Trigger Warning! Darkest Dungeon – Three Steps Forward, Two Steps Back

*This post was originally published on The Game Bolt in June, 2016*

[“Trigger Warning” – is a piece dedicated to showcasing video games which focus on mental disorders as well as emotional and psychological trauma. It is my hope as a lifelong gamer and sufferer of various psychological disorders to combine my greatest passion with my greatest weakness to benefit the gaming community at large. These pieces are meant to applaud games that I have found to appropriately exemplify such issues in the human condition. Some of them are visceral and violent games that take a liberal approach and are not for the faint of heart. Others take a lighter approach to the whole affair and can apply to a much wider audience. Hopefully, those who do not suffer from such afflictions can look at these games as a chance to grasp at something otherwise intangible. While those who do suffer from psychological afflictions can look to these pieces of fiction for hope and catharsis. Without further ado, enjoy. 🙂 ]

[By the way, this is the trigger warning for the article: death, self-harm, abuse, trauma, and a really lengthy article ]

Darkest Dungeon, In Summation

Darkest Dungeon is a fairly impressive independently developed title by Red Hook Studios. It’s a turn based strategy game that involves you pulling together a team of four adventurers from a larger pool of up to twenty-four that you constantly add to or downsize. The game has a central hub called The Hamlet. Here you can treat your adventurers’ diseases and afflictions while allowing them to rest and recover between excursions. There are also places to upgrade your heroes’ abilities and equipment as well as a place to purchase trinkets, which give various status effects.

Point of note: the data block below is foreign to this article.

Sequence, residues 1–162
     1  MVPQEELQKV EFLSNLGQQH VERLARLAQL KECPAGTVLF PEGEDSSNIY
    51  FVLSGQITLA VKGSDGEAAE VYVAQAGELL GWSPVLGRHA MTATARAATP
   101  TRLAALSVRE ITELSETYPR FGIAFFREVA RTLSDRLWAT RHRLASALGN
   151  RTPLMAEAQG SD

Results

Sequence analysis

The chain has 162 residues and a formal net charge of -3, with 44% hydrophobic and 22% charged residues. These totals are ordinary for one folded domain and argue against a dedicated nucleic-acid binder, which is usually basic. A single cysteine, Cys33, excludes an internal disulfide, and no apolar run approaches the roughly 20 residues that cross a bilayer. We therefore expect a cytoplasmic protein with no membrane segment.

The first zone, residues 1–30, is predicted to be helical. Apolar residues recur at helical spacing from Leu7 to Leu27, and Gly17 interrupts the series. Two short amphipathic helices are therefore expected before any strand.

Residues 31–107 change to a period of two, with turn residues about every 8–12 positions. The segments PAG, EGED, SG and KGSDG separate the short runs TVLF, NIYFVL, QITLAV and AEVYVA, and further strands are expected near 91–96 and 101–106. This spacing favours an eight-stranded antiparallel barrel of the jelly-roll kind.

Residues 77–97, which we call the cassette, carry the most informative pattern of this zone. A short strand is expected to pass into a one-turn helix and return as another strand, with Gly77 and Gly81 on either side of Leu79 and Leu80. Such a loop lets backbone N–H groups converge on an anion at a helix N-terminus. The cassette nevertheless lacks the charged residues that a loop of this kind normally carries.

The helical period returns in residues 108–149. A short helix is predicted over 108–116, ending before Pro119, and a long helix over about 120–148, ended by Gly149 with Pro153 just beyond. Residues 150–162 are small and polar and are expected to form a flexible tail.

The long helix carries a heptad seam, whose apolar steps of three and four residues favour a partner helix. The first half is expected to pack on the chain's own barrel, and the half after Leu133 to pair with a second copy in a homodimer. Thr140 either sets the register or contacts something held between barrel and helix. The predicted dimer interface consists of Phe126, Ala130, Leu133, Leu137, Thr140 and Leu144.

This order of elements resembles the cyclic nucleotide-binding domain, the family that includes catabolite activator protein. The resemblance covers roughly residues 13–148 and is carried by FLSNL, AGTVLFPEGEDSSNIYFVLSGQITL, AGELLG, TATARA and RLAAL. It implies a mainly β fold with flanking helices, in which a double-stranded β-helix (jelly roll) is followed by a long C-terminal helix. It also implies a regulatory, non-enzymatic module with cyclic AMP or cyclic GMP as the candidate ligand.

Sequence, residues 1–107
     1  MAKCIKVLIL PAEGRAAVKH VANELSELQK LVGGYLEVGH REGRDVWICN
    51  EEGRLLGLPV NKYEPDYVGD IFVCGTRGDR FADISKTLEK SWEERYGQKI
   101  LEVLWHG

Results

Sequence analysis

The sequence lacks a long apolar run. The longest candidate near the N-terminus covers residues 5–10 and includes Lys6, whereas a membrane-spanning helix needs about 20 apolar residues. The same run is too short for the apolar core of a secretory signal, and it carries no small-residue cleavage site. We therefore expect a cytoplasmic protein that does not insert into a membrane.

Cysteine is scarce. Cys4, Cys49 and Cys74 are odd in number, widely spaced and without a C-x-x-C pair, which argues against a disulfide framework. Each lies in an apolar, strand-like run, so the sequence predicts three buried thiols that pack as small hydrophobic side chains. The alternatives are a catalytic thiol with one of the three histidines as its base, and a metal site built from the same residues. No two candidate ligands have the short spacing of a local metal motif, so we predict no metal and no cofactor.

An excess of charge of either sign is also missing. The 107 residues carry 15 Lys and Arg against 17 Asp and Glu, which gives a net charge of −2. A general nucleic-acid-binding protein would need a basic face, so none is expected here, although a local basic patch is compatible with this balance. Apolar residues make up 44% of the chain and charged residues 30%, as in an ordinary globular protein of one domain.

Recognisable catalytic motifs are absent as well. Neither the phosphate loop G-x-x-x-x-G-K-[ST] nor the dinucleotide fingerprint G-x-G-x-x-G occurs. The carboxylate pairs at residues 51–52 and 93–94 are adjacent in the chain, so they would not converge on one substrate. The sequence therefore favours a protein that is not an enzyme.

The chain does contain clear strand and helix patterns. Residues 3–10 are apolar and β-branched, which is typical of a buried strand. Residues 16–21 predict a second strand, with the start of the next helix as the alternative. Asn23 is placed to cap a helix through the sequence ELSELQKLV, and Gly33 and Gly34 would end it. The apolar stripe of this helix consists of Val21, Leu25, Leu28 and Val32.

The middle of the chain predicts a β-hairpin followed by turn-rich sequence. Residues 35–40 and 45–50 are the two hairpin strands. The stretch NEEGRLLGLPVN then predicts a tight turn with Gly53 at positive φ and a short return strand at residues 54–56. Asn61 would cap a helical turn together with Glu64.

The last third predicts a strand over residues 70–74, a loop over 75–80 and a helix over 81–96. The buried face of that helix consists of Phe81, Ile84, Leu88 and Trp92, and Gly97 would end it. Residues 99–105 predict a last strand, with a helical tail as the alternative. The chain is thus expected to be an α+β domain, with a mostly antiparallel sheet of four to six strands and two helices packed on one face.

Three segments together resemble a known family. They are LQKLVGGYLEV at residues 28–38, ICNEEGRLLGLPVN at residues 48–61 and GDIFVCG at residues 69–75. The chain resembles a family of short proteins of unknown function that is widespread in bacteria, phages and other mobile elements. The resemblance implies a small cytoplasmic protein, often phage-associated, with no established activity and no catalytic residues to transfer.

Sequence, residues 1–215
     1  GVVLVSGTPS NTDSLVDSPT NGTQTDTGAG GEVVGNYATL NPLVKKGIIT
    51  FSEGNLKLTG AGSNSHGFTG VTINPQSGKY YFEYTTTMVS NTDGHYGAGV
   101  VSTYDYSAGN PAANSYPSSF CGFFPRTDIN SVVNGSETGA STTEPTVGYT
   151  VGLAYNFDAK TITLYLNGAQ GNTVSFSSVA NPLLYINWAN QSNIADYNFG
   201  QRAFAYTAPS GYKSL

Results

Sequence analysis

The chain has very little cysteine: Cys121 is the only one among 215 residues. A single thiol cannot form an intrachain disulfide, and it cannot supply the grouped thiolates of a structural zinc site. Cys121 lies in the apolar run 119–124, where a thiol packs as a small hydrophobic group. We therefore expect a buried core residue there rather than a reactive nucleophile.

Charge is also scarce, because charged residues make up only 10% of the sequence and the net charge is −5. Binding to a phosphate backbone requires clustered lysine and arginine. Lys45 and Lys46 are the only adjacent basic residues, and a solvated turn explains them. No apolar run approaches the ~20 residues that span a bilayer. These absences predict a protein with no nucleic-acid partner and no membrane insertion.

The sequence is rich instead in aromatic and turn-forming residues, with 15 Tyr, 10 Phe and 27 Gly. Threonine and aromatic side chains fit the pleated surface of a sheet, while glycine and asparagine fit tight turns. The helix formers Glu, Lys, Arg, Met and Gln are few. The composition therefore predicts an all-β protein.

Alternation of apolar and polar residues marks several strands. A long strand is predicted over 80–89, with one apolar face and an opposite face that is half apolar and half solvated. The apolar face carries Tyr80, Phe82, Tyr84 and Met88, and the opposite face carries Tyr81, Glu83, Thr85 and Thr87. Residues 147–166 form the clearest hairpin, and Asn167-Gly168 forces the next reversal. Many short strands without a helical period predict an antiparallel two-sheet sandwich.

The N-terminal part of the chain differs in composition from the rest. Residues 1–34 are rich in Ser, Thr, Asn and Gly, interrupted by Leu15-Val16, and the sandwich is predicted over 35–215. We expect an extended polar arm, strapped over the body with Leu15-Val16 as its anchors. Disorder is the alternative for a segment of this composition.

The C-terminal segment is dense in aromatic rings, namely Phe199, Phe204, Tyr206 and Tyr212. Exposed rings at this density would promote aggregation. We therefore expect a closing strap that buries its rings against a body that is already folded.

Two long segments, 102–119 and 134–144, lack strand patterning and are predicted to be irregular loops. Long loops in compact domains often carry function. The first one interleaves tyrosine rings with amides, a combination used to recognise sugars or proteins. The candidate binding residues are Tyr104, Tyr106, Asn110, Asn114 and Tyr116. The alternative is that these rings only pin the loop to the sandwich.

The game unfolds in an endless series of weeks. One week consists of two phases. The first is your time at the Hamlet. Here you spend gold to upgrade your heroes and heirlooms, another collectable, to upgrade your buildings. You decide which heroes are going to rest and recuperate for the week instead of embarking on a dungeon delve. You improve your heroes’ various abilities and equipment. And so on until you’re ready for phase two, which is going into an actual dungeon. Beforehand you have to buy supplies, a la Oregon Trail, such as food to fight hunger, torches for light, and various balms and salves to combat debuffs. It’s a careful balancing system splitting your money between funding expeditions and treating your adventurers.

Stress and the Fight for Sanity